In the true risk-off part of the market, ARK Innovation (ARKK) is down over 6% and the 2021 class of SPACs and IPOs are under pressure as well. These have been some of the best performers in the rally we’ve seen investors try to put together over the last few weeks.

“The Generals” — the group formerly known as the FAAMNG stocks — are all down more than 3%, however, showing the widespread stress Friday’s action is putting on investors. Apple (AAPL), which has held up better than any of the other mega cap tech names through this market sell-off, is again the most durable performer, falling 3.5% in morning trade.

Consumer Staples (XLP) is the best performing sector so far in today’s trading, down just 0.4% and rallying since the open. Grocery stores are the lone bright spot in the market today, as higher food prices will likely pass through to these companies’ bottom lines in the coming months.

—Myles Udland, senior markets editor

10:33 a.m. ET: Consumer sentiment slumps to record low: U. Michigan

Consumers sentiment fell to its lowest-ever recorded level in early June, with rising prices at the pump especially weighing on Americans’ wallets.

The University of Michigan’s preliminary June consumer sentiment index dropped to 50.2, or an all-time low since the institution began tracking the data. This followed May’s index reading of 58.4, and missed estimates for 58.1, according to Bloomberg data.

“Consumer sentiment declined by 14% from May, continuing a downward trend over the last year and reaching its lowest recorded value, comparable to the trough reached in the middle of the 1980 recession,” Joanne Hsu, director of the Surveys of Consumers for the University of Michigan, said in a statement.

“Consumers’ assessments of their personal financial situation worsened about 20%,” Hsu added. “Forty-six percent of consumers attributed their negative views to inflation, up from 38% in May; this share has only been exceeded once since 1981, during the Great Recession.”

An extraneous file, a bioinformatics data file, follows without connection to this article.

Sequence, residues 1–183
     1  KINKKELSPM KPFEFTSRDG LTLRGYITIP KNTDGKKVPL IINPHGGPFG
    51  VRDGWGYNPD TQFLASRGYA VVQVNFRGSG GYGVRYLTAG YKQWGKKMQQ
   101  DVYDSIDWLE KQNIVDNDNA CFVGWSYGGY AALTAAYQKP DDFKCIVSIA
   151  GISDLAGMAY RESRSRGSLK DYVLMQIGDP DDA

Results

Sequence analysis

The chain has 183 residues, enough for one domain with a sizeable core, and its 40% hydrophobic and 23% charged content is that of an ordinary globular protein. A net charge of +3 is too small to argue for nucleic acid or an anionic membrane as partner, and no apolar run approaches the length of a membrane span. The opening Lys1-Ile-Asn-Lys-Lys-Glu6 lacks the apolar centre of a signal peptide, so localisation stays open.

Hsu also noted that half of all surveyed consumers mentioned gas unprompted in their interviews, up from 30% in May.

9:32 a.m. ET: Stocks open lower after inflation ramps further

Here were the main moves in markets as of 9:32 a.m. ET:

  • S&P 500 (^GSPC): -69.64 (-1.73%) to 3,948.18

  • Dow (^DJI): -513.18 (-1.59%) to 31,759.61

  • Nasdaq (^IXIC): -219.70 (-1.87%) to 11,534.53

  • Crude (CL=F): -$0.47 (-0.39%) to $121.04 a barrel

  • Gold (GC=F): -$18.50 (-1.00%) to $1,834.30 per ounce

  • 10-year Treasury (^TNX): +3.7 bps to yield 3.0810%

9:03 a.m. ET: Stock futures accelerate to the downside after hot May CPI print

Here were the main moves in markets as of 9:03 a.m. ET:

  • S&P 500 futures (ES=F): -55.25 points (-1.38%) to 3,961.00

  • Dow futures (YM=F): -384 points (-1.19%) to 31,879.00

  • Nasdaq futures (NQ=F): -198.75 points (-1.62%) to 12,076.25

  • Crude (CL=F): +$0.07 (+0.06%) to $121.58 a barrel

  • Gold (GC=F): -$8.30 (-0.45%) to $1,844.50 per ounce

  • 10-year Treasury (^TNX): +0.2 bps to yield 3.044%

7:14 a.m. ET: Stock futures mixed before inflation data

Here were the main moves in markets as of 7:14 a.m. ET:

  • S&P 500 futures (ES=F): -6.25 points (-0.16%) to 4,010.00

  • Dow futures (YM=F): -85 points (-0.26%) to 32,178.00

  • Nasdaq futures (NQ=F): +6.25 points (+0.05%) to 12,281.25

  • Crude (CL=F): +$0.94 (+0.77%) to $122.45 a barrel

  • Gold (GC=F): -$8.20 (-0.44%) to $1,844.60 per ounce

  • 10-year Treasury (^TNX): -0.7 bps to yield 3.035%

NEW YORK, NEW YORK – JUNE 03: Traders work on the floor of the New York Stock Exchange (NYSE) at the start of the trading day on June 03, 2022 in New York City. A new jobs report released by the Labor Department this morning shows employers added 390,000 jobs in May. Stocks pointed lower ahead of the opening bell on Friday, putting indexes back into the red for the week. (Photo by Spencer Platt/Getty Images)

Emily McCormick is a reporter for Yahoo Finance. Follow her on Twitter.